Complexity is the defining business and leadership challenge of our time. But it has never felt more urgent than this moment, with the coronavirus upending life and business as we know it. Governments are scrambling to mitigate the effects of the outbreak, and business leaders are rushing to protect their people, their customers, and their companies. For the next few weeks, we’ll be drawing on our deep knowledge base about what it takes to lead through the most complex and confounding problems, to offer you insights and advice about how to keep a steady hand on the wheel during the crisis, and how to guide your organization in its transition back to normalcy once the crisis winds down.
We have been studying complexity and helping leaders navigate it for nearly 20 years. While this crisis is absolutely unprecedented, all complex challenges – including this one – are best managed when you understand specific underlying characteristics they all exhibit, and tried-and-true ways to approach them. Today: The importance of engaging and aligning all the right people at this defining moment.
As the coronavirus presents new challenges for organizations, most leaders are dealing with too many unknowns as they make rapid, high-quality decisions. At the best of times, leaders already lack adequate knowledge, expertise, and experience to tackle complex, multi-dimensional challenges on their own. Now, when so much is going on and all of it is changing so quickly, they can’t possibly know enough.
Systems science explains why. The Law of Requisite Variety states that: “Only variety destroys variety.” In the context of the current crisis, this means that only a group of people with the right mix of job functions, geographies, business units, hierarchical levels, backgrounds, expertise, authority, and stake can collectively match the complexity of what’s going on around them. So, in order to confront the complexity of the current crisis, leaders must assemble a high-variety team of people from in and around their organization to accomplish three things.
1. Tap your front-line employees to learn what you don’t know
Your workforce is tuned in to what’s happening on the front lines and knows much of what your leadership team doesn’t know. They’re in touch with your customers and prospects, living in your various markets and reading the local news, dealing with your partners, and talking to each other. Some of them remember similar times, what was done, what worked, and what failed. Some of them come from other industries. Some used to be customers or competitors. Some are Millennials and some are near retirement. They have the data, information and knowledge to inform smart decisions. Unite them with your leadership team.
2. Get them aligned on a co-created plan
Once you have tapped into your workforce’s intelligence, you must mobilize and motivate them to do what’s got to be done. This is particularly important and difficult right now as the coronavirus disrupts day-to-day working patterns. Have them work together with you to get a handle on where the biggest challenges and opportunities lie, to ideate on what could be done, and then to agree on what will be done.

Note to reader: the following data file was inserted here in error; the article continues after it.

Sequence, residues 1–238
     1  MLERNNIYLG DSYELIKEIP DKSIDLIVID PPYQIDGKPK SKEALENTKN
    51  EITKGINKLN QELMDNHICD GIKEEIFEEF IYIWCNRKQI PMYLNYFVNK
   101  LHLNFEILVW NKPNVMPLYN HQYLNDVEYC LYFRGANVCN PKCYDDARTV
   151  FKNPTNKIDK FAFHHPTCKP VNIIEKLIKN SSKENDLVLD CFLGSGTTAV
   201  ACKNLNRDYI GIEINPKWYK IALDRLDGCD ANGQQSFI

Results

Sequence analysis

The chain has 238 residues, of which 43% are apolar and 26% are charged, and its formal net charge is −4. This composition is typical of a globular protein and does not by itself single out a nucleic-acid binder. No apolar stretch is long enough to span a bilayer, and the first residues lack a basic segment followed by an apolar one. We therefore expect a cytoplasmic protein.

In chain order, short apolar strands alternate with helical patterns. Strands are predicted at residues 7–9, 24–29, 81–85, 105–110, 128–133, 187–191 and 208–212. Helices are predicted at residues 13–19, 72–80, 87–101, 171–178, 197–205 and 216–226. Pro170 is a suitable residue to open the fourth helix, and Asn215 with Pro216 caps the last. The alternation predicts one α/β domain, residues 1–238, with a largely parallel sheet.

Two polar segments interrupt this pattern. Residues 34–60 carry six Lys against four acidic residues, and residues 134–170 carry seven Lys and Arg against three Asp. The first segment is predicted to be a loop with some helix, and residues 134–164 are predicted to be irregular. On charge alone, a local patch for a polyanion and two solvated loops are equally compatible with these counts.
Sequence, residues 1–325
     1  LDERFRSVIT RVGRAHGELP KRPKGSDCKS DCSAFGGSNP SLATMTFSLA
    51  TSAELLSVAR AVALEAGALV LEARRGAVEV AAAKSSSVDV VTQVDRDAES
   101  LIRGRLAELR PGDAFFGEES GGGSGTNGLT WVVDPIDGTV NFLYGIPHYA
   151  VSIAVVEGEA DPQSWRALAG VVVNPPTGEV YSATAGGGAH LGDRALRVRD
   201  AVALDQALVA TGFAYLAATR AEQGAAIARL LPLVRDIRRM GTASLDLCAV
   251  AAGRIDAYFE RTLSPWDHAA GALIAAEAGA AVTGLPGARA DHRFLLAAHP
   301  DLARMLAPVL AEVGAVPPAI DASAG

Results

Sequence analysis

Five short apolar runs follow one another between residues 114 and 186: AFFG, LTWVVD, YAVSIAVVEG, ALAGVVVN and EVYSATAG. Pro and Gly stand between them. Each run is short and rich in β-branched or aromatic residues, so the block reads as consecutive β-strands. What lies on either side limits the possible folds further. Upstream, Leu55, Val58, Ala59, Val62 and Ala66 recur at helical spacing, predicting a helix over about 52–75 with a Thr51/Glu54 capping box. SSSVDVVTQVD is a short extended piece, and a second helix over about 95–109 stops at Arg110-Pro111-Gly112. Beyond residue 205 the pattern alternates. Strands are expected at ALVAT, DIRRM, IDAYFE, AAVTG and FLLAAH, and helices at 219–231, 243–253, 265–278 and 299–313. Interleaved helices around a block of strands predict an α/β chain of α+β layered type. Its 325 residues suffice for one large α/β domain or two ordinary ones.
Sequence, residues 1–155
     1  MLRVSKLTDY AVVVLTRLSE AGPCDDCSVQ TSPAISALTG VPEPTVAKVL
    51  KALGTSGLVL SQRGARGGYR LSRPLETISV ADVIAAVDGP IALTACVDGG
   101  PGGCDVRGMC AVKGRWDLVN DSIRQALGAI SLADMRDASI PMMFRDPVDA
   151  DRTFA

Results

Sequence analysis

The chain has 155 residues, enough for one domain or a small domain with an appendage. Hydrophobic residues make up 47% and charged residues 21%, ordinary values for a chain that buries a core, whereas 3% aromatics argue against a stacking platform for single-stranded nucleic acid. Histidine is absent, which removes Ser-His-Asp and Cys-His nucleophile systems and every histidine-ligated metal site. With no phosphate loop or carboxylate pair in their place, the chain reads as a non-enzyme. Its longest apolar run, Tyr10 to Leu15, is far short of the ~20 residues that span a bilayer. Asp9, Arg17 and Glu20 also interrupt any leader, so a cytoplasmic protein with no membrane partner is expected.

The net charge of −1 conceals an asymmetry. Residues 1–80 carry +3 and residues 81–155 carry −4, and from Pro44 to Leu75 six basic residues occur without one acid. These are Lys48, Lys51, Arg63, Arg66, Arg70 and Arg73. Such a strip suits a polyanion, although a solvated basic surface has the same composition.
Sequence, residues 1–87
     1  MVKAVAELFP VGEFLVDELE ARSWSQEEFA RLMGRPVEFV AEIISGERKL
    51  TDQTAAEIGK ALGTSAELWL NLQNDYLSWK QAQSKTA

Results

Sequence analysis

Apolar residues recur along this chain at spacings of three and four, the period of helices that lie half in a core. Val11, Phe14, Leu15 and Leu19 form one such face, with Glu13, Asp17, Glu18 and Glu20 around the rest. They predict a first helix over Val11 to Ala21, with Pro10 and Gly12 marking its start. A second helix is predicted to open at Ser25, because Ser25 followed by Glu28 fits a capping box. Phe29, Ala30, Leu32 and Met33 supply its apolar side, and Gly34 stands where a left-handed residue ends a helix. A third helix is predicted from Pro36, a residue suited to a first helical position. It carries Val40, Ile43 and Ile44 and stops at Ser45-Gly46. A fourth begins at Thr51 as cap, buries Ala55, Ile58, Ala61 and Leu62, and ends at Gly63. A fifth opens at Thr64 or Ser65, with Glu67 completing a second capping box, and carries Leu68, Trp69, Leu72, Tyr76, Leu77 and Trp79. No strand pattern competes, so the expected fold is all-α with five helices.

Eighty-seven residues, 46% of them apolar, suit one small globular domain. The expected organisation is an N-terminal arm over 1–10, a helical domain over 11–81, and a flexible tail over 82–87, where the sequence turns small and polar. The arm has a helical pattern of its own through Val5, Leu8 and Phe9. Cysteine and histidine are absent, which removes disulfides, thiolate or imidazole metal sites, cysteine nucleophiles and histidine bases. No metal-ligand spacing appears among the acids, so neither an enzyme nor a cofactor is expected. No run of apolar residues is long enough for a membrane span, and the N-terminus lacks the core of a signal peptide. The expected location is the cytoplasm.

3. Keep them focused, aligned and energized to work on the right tasks
Circumstances are difficult right now. They’re distracted and off their game, likely concerned about their jobs, their parents, and their family, and feeling disconnected and isolated. They likely can’t work on the same things in the same way that they had been a few days or weeks ago. They need new clarity on what to work on and what the expectations are in terms of timelines and deliverables.
You can accomplish all three of these objectives by engaging a broad mix of your people in decision-making. Not necessarily in the next few days, while things are still chaotic and command-and-control is what’s called for, but as soon as the situation settles into a steady, albeit temporary, new normal.
WHO TO ENGAGE
Our previous column suggests that you engage people by asking them an important question like:
“As the coronavirus takes its toll on business as usual, what must we all do to stay motivated and connected, to maintain relationships with customers and add value, to maximize existing revenue while finding new revenue opportunities, and to make advances on strategic imperatives that might otherwise languish?”
If you have thousands, or tens of thousands of people in your workforce, you clearly can’t engage them all at once in answering that question. Instead, assemble a group of people that has as much variety as you can fit in as small a group as possible. For most organizations, 15-40 people is sufficient.
Include a mix of business units and geographies, functional teams and project teams, front-liners, head-office, and all levels of the hierarchy. It should include a mix of demographics, tenure, and attitudes, and it must be loaded with internal influencers - the people whose lead others will follow. It might even include some external voices.
HOW TO ENGAGE
In normal circumstances, you would bring these people together face-to-face. Today, you’ll have to find other ways to engage them.
THE KEY IS REQUISITE VARIETY
No matter how you decide to go about engagement, you should start thinking now about key questions to ask and which requisite variety groups will answer those questions. By seeking out those perspectives, you will:
Original article was posted in Forbes on March 23, 2020
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